THE SECOND Lighting and the Circular Economy webinar, organised by Recolight, was held on 14 July 2020, writes Suzanne Castine.
Introduced and chaired by Ray Molony, speakers challenged the industry to set ambitious goals and explore how innovative product design can have a positive impact on sustainability.
Ray Molony, online editor of Lux Review, started with a recap of the first Recolight Webinar in the Circular Economy series, this included:
- Defra’s strategic aims for a circular economy which was presented by James Butterworth and Matt Stocks.
- Ourania Georgoutsakou of Lighting Europe’s presentation on how EU laws and policies on sustainability are impacting lighting products.
- Nigel Harvey’s outline on the impacts of the Government’s Resources and Waste Strategy, the WEEE regulations, waste packaging and battery legislation.
Molony included a reminder that new legislation will require manufacturers to change their designs so that light sources and gear can be replaced by either the user or a qualified technician.
New pictograms will start appearing on luminaires, showing which products can be serviced by the user and which require a technician.
Environmental campaigner and lighting designer John Bullock of The Light Review challenged the industry to commit to dramatically reducing its environmental impact.
Bullock delivered powerful, thought-provoking concepts and ideas, including suggestions of how business in the lighting sector should change such as reduced use of air and car travel.
With product design at the heart of the circular economy, luminaire designer Simon Fisher, director, F Mark, discussed practical considerations needed to design and manufacture lighting products.
He told us that we can influence and adopt CE thinking via product design with certified material sourcing, redefining packaging strategy and embracing closed loop manufacturing.
Richard Garrett, marketing manager, Signify, looked at innovation, sustainability and the circular economy. He explained that partnering with sustainable suppliers is helping them to become a fully carbon neutral organisation.
Garrett outlined five key pillars for luminaire design in a circular economy:
- Modular design: This includes standardised components utilising the relevant Zhaga book
- Upgradable: not just a driver and board upgrade, but also upgradable to a connected system.
- Disassembly: which should take fewer than five steps during the process of upgrading or recycling.
- Easy to maintain: Lower failure rates due to higher quality and more efficient spare parts and asset management. The ability for a digital twin to be embedded into a building management system would also allow for predictive maintenance based on real time luminaire usage.
- Recycling: Product breakdown should happen easily with different materials being easily separated.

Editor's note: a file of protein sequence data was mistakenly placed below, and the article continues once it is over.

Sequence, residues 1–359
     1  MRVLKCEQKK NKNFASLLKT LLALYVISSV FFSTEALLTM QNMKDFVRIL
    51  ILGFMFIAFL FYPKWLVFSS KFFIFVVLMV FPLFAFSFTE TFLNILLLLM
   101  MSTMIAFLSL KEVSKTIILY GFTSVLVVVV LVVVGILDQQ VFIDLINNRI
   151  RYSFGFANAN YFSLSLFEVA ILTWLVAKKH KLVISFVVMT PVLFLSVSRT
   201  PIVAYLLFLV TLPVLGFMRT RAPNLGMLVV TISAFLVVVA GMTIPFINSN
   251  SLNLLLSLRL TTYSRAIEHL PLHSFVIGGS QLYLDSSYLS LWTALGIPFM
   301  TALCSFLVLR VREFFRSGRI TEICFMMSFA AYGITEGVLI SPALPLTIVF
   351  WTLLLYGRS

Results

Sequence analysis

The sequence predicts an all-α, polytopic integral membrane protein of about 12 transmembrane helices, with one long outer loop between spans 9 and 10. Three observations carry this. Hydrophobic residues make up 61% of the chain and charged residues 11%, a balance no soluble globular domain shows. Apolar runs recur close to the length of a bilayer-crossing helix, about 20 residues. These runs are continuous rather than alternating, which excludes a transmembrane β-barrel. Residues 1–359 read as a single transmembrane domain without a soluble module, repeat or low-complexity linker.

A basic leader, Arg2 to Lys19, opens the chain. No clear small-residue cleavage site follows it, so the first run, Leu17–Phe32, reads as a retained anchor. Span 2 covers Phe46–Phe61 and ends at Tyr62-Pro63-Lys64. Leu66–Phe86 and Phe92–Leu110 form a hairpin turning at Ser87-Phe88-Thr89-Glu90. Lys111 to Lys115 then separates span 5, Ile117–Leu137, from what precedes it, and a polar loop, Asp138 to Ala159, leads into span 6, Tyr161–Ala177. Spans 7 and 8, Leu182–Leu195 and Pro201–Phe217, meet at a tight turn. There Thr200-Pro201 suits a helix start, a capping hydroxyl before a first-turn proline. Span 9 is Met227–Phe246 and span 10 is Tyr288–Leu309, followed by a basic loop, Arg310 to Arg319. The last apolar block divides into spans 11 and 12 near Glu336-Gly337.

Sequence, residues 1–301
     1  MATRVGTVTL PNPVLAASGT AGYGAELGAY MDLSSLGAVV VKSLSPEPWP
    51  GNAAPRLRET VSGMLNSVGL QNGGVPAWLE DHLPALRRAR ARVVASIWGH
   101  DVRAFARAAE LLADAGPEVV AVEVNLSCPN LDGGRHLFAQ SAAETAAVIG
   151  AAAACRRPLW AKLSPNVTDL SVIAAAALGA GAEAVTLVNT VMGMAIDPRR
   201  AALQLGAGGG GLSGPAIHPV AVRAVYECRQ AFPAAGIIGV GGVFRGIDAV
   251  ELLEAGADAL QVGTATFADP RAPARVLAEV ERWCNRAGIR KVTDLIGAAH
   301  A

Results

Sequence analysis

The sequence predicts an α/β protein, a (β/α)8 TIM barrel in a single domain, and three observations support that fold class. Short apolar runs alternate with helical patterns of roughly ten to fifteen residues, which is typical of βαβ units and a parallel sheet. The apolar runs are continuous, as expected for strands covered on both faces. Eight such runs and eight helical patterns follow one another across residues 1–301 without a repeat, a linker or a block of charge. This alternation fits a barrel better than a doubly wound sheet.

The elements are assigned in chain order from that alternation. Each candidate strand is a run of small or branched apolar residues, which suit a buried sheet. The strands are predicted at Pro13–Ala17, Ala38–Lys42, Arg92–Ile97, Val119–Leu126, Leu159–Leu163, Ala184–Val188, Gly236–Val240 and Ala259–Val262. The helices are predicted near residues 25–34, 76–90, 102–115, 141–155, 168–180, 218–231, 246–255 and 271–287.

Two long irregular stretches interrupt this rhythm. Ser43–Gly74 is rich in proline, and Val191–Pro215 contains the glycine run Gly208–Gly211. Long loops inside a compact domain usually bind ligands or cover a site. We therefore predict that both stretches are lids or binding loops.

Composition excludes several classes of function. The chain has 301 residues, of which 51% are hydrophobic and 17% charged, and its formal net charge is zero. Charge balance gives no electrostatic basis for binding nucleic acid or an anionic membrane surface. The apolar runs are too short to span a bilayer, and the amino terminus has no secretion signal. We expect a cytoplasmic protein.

He concluded with the carbon savings of producing 3D printed products verses metal and aluminium die cast, and other benefits of tailored design, scalable solution, and quality.
Zoltan Pilter of Tungsram discussed sustainable lighting solutions and challenges. He explored the concept of lighting products designed for circular economy being extended, through their hardware and software, to connect into new value chains. For example: installing sensors, such as radar or weather or road conditions monitoring sensors, extending use of existing network connections to other users (e.g. 5G data service or weather monitoring).
- Recycling: recycle materials to bring back into the economy.
- Parts harvesting: recover valuable parts to sell/use in other products.
- Refurbish: re-manufacture products at end of life to sell again.
- Services: extend technical & economic lifetime of products.
- Reconfiguration: tailoring product during installation or use phase, original function remains unchanged.
- Additional Functions and users: use existing hardware, software, data beyond lighting.
Sustainable raw materials based on renewable resources
Parr outlined the sustainable goals of Primelight, explaining why they partner with Elkamet.
Werner proposed some viable alternatives to oil-based plastics based on renewable resources, contributing to a more sustainable plastics industry.
Materials used include cellulose, sorbitol, and other plant based products such as castor oil and tall oil, which is obtained during wood processing.
Concluding the session Ray Molony noted that: ‘There’s a clear direction of travel now towards sustainable luminaires with replaceable parts so I think it’s crucial that lighting manufacturers start planning now for a more circular economy.’